Ancient filter-feeding reptile had a freaky similarity with modern whales

200 million years before whales evolved, this ancient reptile ate its dinner just like a baleen mammal

By Matthew Rozsa

Staff Writer

Published August 9, 2023 6:22AM (EDT)

Reconstruction of Hupehsuchus about to engulf a shoal of shrimps.
 (Artwork by Shunyi Shu, © Long Cheng, Wuhan Center of China Geological Survey)
Reconstruction of Hupehsuchus about to engulf a shoal of shrimps. (Artwork by Shunyi Shu, © Long Cheng, Wuhan Center of China Geological Survey)

An ancient creature known as Hupehsuchus nanchangensis was not a tiny whale, but a person watching it feed could be forgiven if they mistook it for one. This three-foot long reptile was shaped like a chubby miniature whale, but with an elongated trunk, webbed feet and a long, narrow snout. There were no teeth on the inside of that snout, however — instead one would find rows of long strip-like keratin plates. Like baleen whales today, it used these plates to eat its prey through a process known as filter feeding.

"There is absolutely no evolutionary link between hupehsuchians and whales!"

This strange feeding behavior was illuminated in a recent study in the scientific journal BMC Ecology and Evolution. When comparing the skulls of the ancient beast H. nanchangensis with the skulls of baleen whales, a team of Chinese and British researchers realized that the two animals shared similar structures in their mouths. Indeed, this primitive reptile has a lot of anatomical similarities to their highly intelligent cetacean counterparts.

"The snout of Hupehsuchus is highly convergent with modern baleen whales," the study concludes. Yet does that mean that whales are somehow descended from the noble Hupehsuchus? Not exactly.

"There is absolutely no evolutionary link between hupehsuchians and whales!" proclaimed Dr. Michael J. Benton, a co-author of the study from the University of Bristol's School of Earth Sciences. Nonetheless, their study is significant because by drawing these links between the anatomy of an ancient animal and that of one we can study today, scientists ultimately learn more about creatures like the Hupehsuchus. In this case, because we know that baleen whales eat through filter feeding, the study demonstrates that H. nanchangensis did likewise.

Skulls of HupehsuchusSkulls of Hupehsuchus (left and centre) and the minke whale (right) showing similar long snout with narrow, loose bones, indicating attachment of expandable throat pouch. (Zi-Chen Fang et al)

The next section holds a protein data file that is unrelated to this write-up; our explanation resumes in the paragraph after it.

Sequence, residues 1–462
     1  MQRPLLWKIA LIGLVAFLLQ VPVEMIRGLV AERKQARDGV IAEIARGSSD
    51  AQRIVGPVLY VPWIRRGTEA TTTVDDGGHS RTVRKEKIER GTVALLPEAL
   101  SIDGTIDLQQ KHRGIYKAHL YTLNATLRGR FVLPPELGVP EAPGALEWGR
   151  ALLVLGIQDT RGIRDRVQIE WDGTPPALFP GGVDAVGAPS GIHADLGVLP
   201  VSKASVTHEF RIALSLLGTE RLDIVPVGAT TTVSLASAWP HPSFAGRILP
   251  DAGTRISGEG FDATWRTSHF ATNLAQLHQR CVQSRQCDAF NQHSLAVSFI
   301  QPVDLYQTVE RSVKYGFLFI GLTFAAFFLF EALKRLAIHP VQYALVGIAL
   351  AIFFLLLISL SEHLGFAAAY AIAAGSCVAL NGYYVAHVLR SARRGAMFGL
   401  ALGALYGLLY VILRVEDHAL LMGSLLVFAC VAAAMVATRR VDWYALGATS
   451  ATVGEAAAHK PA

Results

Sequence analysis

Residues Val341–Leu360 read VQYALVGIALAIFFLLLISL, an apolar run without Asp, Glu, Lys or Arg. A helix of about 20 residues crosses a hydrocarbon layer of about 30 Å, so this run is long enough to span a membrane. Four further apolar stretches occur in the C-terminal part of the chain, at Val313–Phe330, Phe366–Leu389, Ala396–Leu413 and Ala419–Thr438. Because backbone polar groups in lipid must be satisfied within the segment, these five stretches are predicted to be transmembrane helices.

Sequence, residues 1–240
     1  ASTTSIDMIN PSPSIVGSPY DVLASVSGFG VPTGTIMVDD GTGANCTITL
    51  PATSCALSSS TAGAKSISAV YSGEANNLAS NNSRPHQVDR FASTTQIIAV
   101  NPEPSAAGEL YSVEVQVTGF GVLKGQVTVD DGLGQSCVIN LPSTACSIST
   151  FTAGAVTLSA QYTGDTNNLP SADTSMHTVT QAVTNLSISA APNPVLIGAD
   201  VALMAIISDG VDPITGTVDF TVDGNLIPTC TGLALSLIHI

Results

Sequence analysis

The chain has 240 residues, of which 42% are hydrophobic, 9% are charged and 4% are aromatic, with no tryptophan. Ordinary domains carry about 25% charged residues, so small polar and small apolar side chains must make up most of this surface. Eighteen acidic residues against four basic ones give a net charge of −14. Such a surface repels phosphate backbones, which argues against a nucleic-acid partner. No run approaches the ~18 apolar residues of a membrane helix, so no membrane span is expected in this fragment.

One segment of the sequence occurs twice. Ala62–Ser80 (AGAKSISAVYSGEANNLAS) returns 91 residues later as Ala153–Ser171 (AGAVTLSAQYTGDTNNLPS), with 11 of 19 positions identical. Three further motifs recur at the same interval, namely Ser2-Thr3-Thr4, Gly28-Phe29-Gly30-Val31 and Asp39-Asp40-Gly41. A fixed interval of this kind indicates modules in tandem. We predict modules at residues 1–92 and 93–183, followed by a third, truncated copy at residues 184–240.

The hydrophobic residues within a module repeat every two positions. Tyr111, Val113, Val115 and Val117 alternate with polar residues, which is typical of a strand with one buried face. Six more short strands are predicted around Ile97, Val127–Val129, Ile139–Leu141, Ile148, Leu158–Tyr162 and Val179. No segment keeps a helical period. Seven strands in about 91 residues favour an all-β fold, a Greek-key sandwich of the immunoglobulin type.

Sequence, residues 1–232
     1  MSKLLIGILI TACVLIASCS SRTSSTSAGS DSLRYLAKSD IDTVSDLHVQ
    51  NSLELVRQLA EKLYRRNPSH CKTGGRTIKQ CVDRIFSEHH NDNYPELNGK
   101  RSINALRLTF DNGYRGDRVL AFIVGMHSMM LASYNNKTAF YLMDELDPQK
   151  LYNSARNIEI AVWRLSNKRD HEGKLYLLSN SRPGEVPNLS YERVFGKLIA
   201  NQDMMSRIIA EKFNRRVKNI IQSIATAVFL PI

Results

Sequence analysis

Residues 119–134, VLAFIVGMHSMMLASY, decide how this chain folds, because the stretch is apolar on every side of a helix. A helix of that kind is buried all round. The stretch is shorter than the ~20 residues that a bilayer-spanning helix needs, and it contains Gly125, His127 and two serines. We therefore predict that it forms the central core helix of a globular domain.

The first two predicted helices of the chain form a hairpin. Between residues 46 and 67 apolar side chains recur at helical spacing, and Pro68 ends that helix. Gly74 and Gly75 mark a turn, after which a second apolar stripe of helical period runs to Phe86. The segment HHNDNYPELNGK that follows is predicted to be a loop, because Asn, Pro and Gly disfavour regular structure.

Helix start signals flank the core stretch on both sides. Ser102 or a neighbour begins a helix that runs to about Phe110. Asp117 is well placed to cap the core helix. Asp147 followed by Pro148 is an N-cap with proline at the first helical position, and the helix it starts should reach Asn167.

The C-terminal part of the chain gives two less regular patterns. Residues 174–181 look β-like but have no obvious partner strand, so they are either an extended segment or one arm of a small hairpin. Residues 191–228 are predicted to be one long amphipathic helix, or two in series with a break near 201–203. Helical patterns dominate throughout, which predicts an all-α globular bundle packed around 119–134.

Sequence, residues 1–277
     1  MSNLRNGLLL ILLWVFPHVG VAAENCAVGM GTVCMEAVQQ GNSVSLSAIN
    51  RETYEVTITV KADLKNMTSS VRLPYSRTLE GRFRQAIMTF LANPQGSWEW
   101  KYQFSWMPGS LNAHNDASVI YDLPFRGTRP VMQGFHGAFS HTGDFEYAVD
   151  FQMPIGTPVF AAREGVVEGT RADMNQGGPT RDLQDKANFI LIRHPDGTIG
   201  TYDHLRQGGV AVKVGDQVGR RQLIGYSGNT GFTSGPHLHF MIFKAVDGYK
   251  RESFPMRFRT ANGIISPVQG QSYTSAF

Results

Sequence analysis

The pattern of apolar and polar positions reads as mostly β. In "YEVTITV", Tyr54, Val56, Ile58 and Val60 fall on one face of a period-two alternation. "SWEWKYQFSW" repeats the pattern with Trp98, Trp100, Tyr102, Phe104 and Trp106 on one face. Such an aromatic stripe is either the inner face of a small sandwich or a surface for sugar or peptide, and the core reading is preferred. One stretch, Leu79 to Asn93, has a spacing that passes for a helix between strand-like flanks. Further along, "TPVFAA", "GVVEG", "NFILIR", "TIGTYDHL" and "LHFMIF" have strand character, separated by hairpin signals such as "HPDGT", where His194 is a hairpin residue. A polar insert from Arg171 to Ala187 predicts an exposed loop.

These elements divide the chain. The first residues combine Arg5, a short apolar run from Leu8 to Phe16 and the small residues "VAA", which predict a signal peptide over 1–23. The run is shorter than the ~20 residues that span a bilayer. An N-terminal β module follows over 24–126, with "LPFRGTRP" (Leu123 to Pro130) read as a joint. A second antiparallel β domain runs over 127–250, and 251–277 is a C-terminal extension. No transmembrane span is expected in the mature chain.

"We were able to present two fantastic new specimens of Hupehsuchus with excellent preservation of the skull for the first time," Benton wrote to Salon. "The skulls allowed us to find the specific anatomical details that indicate filter feeding (loosely attached bones of snout and jaws, long, narrow snout, no teeth but notches along jaw margin for attachment of some kind of baleen)."

While this may seem like a bizarre way to live if you're a human — and are therefore used to enjoying food with two rows of sharp teeth — there is an evolutionary logic to life as a filter feeder.

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"Filter feeding is a great way to acquire food because you simply engulf, filter and swallow."

"Filter feeding is a great way to acquire food because you simply engulf, filter and swallow," Benton told Salon by email. "It only works underwater of course, and only in areas of relatively rich food supply in terms of plankton and small plankton-eaters such as shrimps-krill."

The only real downside to filter feeding is that "the food supply might be seasonal, and could be in low supply at some times of year — but that's true for everything," Benton said.

Hupehsuchus lived on Earth approximately 252 million years ago in what is now China, existing long before whales came on the scene a mere 50 million years ago. The reptile evolved in the shadow of a series of volcanic eruptions that led to so many mass extinctions that the subsequent event was known as "the Great Dying." Although only 5 percent of all Earth's life survived this apocalypse, Hupehsuchus later emerged from that cataclysmic event as one of Earth's more successful creatures. The question of how they flourished, however, revolved around how they were even able to eat. Even though Hupehsuchus first entered the the fossil record around 1972, for more than half a century, these specimens were too incomplete to offer definitive answers on its diet. The new study is based on research of both a complete skeleton and of a clavicle, neck and head.

"When we first saw these specimens, we thought they were very strange," Dr. Long Cheng, an author of the new paper, wrote to The New York Times in an email. "We thought that the snout shape of H. nanchangensis was similar to that in modern baleen whales."

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Cheng also noted that the new information about Hupehsuchus could shed light on more iconic animals like dinosaurs. After all, Hupehsuchus exists as a kind of bridge between two worlds — that is, between the ancient lifeforms that roamed the Earth before the Great Dying and the fierce reptiles that did so during the subsequent age of dinosaurs.

"It's been amazing to discover how fast these large marine reptiles came on the scene and entirely changed marine ecosystems of the time," Cheng told the Times.

By Matthew Rozsa

Matthew Rozsa is a staff writer at Salon. He received a Master's Degree in History from Rutgers-Newark in 2012 and was awarded a science journalism fellowship from the Metcalf Institute in 2022.

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Aggregate Deep Dive Filter Feeding Fossils Paleontology Reptiles Whales